I am really disappointed that cycles 4D is no longer available as a separate product. If you need all their tools, I’m sure insidiums products are really neat (although their fluid plug-in now no longer supports viewport visualization in s24 since maxon moved to direct x on windows and metal on mac).
Paying subscription for Cinema 4D is one thing, paying that enormous subscription- $992- for the insidium group subscription is another.
The C4D eco system has got very expensive if you’re a hobbyist and these software subscriptions soon add up if your business is dealing with the fallout of covid, some sectors are still very depressed and some companies have discovered they can get away with paying a lot less for 3d work.
I briefly looked at the ‘Fused’ thing and it was as clear as mud, I think XP is the only plugin which has a perpetual element. It seems an odd thing to do for a ‘fused’ package.
I find it crazy that the first thing someone has to do after buying or renting C4D is have to shell out for a modern particle system and a production quality renderer. If Maxon was doing its job there should be no need for Insydium. I used XP since v2.0 and thought it would be a stop-gap until a native particle system arrived but TBH I never used much of the the features beyond 2.5. Latter updates have a lot of features that make pretty demos but in production I never found I needed much more than an emitter, a few effectors and the odd collider. Xplosia is absolutely dreadful and the liquid sims are limited by C4D’s awful cache playback and found them impossible to use in production.
Perhaps there has been a drop off in yearly upgrades which has pushed Insydium into offering everything as a job lot to generate more interest? Maybe Maxon has finally managed to squirt out a native particle system in the next release and this prompted the move to ‘Fused’ to give the impression of greater value for XP?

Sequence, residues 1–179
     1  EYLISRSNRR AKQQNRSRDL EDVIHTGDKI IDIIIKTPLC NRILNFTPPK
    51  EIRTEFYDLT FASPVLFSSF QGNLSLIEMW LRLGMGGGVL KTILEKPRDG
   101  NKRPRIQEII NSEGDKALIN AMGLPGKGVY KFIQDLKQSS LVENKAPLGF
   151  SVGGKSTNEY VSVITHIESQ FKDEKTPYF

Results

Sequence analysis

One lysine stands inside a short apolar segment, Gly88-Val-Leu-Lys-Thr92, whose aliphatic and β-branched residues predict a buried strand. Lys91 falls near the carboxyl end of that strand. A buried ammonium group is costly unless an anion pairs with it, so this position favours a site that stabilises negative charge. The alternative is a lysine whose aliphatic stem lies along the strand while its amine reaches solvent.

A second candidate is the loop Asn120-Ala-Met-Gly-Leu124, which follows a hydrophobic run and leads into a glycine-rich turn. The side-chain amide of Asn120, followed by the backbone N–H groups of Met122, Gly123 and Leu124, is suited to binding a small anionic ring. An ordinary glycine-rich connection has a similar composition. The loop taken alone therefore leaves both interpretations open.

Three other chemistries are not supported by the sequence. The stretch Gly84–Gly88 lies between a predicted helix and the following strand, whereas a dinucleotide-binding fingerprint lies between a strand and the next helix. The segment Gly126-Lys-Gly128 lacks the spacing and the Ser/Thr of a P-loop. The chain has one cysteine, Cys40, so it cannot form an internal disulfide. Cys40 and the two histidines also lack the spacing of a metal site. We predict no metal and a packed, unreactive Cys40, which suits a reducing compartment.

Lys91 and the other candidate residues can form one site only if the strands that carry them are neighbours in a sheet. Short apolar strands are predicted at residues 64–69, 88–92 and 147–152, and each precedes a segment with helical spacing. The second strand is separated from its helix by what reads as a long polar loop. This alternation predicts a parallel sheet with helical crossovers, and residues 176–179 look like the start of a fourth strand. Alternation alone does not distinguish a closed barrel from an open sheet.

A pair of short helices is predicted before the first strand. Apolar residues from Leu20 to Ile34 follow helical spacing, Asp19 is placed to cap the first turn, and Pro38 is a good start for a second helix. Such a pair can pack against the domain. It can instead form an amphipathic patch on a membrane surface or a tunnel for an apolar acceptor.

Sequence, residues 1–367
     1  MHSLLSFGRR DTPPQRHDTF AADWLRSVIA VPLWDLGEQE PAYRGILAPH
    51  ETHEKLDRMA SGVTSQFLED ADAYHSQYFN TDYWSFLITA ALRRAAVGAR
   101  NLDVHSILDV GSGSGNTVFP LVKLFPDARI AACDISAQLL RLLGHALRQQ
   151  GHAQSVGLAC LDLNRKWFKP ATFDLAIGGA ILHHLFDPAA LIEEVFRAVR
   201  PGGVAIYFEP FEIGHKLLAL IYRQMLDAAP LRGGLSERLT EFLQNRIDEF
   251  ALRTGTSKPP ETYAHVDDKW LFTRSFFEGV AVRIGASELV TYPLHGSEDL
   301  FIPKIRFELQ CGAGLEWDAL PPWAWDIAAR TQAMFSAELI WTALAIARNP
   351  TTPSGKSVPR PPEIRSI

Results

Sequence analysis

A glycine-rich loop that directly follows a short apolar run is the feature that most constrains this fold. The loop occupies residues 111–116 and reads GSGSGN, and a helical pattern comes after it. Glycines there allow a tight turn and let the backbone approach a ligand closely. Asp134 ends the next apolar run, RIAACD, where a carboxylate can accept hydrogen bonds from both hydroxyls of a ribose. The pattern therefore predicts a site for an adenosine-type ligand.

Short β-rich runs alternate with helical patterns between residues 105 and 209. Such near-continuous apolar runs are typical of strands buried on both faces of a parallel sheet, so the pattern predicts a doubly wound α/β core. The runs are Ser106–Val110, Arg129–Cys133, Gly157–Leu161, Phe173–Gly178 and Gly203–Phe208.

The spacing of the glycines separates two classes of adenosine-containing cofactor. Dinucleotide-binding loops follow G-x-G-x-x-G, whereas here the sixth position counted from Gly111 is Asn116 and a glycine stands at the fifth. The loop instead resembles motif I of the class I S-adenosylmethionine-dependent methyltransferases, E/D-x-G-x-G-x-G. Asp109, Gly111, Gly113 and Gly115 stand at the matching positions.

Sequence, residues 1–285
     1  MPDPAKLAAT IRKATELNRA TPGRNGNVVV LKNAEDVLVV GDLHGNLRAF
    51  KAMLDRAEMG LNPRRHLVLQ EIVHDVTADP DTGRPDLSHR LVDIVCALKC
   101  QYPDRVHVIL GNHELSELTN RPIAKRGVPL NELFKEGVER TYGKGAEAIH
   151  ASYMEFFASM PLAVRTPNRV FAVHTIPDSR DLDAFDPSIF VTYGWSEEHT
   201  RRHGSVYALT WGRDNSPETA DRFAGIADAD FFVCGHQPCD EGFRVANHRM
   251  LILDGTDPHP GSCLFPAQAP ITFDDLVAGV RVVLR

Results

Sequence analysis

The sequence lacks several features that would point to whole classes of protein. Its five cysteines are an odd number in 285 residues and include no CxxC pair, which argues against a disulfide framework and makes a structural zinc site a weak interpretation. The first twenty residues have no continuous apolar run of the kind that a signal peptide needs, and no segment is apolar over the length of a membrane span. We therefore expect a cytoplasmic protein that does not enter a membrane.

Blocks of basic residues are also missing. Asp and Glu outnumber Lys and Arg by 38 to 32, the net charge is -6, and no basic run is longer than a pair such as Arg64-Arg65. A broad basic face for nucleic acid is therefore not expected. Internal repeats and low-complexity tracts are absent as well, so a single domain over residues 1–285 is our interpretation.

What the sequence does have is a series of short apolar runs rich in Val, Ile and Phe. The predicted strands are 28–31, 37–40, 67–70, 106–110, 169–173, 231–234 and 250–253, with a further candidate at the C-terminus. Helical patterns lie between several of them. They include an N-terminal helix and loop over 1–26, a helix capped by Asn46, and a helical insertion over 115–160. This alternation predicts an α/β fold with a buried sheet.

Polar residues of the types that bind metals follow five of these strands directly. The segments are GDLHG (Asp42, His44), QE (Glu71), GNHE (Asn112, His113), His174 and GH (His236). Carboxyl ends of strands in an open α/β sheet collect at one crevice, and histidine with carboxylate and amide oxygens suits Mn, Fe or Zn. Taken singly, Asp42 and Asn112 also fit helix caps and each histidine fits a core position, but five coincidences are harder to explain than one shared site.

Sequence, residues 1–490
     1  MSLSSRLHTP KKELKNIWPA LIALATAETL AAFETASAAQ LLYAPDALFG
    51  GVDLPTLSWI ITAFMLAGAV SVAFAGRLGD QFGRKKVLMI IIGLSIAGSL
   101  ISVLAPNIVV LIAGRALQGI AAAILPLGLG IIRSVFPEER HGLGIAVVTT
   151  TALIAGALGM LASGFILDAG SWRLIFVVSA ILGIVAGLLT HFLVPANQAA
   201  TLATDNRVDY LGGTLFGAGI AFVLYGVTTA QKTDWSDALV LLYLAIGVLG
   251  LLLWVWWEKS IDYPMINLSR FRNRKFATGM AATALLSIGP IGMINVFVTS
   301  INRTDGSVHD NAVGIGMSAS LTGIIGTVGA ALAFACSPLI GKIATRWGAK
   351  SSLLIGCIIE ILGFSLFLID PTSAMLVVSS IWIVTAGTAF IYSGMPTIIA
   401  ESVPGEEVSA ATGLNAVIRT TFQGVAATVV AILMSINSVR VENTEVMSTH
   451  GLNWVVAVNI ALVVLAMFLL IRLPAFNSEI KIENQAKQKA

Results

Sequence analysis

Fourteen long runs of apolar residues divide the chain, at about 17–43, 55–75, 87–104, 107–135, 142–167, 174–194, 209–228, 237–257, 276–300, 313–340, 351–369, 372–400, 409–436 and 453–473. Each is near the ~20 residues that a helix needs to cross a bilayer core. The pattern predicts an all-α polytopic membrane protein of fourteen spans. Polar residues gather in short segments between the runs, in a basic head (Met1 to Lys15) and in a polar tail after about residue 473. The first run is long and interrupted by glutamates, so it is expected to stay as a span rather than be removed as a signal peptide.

If you’re only interested in Cycles4D you’re completely hosed though. As good as Cycles-X is (and it is really very good) I wouldn’t pay for the whole Fused package just to get a renderer.
Yeah, it’s really a shame
To me this all would make the most sense, if Insydium knew that R25 will include a decend rendering option, or as you said, a particle system. Particle system is not unrealistic, maybe part of the geometry nodes? But inclusion of redshift makes even more sense to me. The renderer is the biggest weakness at the moment, and they own a capable one. Sure, Redshift just went sub only, but this doesn’t change to much regarding that possibility. They would have to transform licenses/subscriptions somehow, and the less perpetuals are out there, the easier would this move be.
I think a node based particle system based on the Scene Nodes system is the most likely thing. A particle system is just a distribution system that you move with forces so I can see this coming sooner rather than later. It wouldn’t need such a system to be 1:1 feature complete with XParticles to be useful for 95% of users so even in an early version state it could hit XP’s market.
One clear advantage a native particle system would have would be running on the new scene graph which should mean it could handle vastly higher particle numbers. As an FYI Blender’s node based particle system which was paused so they could concentrate on Geometry Nodes was around 6x faster than XP on my machine. I could generate 6x the particles for the same frame rate it was almost as fast as Houdini’s particle system which is the performance benchmark.
So, if Maxon has their own new particle system ready expect them to crow about the performance, it should be able to cope with vastly greater numbers of particles than XP which could be a big selling point or a big enough reason for people not to continue with their XP subscription.
Late July/Early August is normally when the latest C4D version is announced so maybe not long to wait?